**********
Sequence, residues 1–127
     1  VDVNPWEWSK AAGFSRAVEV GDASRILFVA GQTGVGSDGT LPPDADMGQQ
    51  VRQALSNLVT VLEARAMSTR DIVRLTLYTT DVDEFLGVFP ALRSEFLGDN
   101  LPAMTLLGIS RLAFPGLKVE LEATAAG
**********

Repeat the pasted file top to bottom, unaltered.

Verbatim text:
Sequence, residues 1–127
     1  VDVNPWEWSK AAGFSRAVEV GDASRILFVA GQTGVGSDGT LPPDADMGQQ
    51  VRQALSNLVT VLEARAMSTR DIVRLTLYTT DVDEFLGVFP ALRSEFLGDN
   101  LPAMTLLGIS RLAFPGLKVE LEATAAG